Allergen-specific immunotherapy (ASIT) is frequently used to manage canine atopic dermatitis (AD). The selection of allergens for ASIT is based on intradermal testing (IDT), allergen-specific immunoglobulin E (IgE) assays, patient history, and aerobiological data. In theory, an optimal allergenic extract mixture would contain only antigens which elicit clinical signs upon natural exposure, but no others. There is no means of assessing how closely current practices approximate this optimal mixture. However, it is increasingly clear that the choice of allergy test technique, method or assay has the potential to influence the composition of ASIT.1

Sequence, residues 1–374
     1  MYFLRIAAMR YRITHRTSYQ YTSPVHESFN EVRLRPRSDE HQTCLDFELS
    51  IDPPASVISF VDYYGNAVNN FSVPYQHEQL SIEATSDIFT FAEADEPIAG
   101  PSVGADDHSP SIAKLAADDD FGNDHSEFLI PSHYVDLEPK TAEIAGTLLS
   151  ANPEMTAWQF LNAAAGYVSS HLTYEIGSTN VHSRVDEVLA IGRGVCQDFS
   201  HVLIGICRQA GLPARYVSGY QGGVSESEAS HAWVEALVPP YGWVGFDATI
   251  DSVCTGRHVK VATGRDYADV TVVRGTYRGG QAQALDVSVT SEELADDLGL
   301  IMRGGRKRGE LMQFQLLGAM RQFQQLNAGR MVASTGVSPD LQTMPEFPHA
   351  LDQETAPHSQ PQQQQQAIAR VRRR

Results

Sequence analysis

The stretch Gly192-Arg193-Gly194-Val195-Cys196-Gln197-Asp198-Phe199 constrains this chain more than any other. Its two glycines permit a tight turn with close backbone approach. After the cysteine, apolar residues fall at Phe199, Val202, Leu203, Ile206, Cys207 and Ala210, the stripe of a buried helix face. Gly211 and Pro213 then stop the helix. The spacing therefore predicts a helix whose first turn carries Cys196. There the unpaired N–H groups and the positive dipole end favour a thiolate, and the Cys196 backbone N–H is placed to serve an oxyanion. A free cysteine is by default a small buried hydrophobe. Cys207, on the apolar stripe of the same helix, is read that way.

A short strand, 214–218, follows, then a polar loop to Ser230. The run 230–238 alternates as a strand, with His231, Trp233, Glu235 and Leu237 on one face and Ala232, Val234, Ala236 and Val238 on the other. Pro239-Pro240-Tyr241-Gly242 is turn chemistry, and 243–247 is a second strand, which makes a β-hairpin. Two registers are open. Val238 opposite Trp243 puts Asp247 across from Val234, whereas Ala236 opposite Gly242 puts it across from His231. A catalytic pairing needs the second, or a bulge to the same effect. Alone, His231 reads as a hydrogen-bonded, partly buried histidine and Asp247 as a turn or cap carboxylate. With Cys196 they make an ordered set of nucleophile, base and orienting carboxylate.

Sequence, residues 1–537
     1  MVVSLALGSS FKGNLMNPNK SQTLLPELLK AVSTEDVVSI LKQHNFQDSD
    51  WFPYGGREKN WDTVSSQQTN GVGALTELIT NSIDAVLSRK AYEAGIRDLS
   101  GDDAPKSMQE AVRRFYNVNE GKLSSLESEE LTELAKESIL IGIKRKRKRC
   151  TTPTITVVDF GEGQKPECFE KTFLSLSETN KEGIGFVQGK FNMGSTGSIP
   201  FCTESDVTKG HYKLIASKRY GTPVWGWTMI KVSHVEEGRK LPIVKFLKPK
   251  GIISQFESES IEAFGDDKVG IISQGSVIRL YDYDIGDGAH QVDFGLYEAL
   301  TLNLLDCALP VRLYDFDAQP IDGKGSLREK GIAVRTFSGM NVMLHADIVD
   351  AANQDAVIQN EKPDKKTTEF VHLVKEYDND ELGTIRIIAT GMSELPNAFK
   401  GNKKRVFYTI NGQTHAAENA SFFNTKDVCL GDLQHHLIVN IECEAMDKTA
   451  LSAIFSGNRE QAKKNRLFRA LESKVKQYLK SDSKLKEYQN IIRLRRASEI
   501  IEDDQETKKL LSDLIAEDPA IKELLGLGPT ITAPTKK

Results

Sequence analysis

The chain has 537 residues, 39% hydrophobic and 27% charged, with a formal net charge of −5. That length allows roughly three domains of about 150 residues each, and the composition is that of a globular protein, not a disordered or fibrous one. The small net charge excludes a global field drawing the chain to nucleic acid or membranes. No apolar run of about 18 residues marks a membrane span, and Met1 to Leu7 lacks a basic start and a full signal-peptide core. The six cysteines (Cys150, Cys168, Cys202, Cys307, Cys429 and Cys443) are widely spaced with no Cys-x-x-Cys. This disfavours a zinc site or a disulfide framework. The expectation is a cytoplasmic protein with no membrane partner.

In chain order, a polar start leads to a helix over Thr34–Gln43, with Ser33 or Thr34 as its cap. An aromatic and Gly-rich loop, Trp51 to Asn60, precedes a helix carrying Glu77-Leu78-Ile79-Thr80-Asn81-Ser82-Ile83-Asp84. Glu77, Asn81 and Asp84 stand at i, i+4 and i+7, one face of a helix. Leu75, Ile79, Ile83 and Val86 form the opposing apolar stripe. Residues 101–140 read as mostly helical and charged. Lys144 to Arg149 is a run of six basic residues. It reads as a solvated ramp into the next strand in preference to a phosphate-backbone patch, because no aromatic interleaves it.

Despite poor agreement between testing techniques, the efficacy of ASIT does not correlate with a certain testing method or assay type.2 Our inability to discriminate between these allergen selection methods in terms of ASIT efficacy may reflect the paucity of prospective studies comparing ASIT based on different allergen selection techniques, or may indicate that they are indeed equivalent. If the techniques and methods that produce disparate test results are equivalent in terms of ASIT efficacy, this suggests that factors such as patient history, likely allergen exposure, and other parameters that may influence the antigens selected for ASIT (e.g. cross-reactivity) are as influential in determining the efficacy of an ASIT mixture as are allergy test findings. In this case, region-specific immunotherapy (RSIT) based on predicted allergen exposure may have efficacy similar to ASIT. This benefit could stem from the inclusion of some, if not all of the allergens to which a dog is sensitized, the influence of pan-allergens, or non-specific effects on the immune system.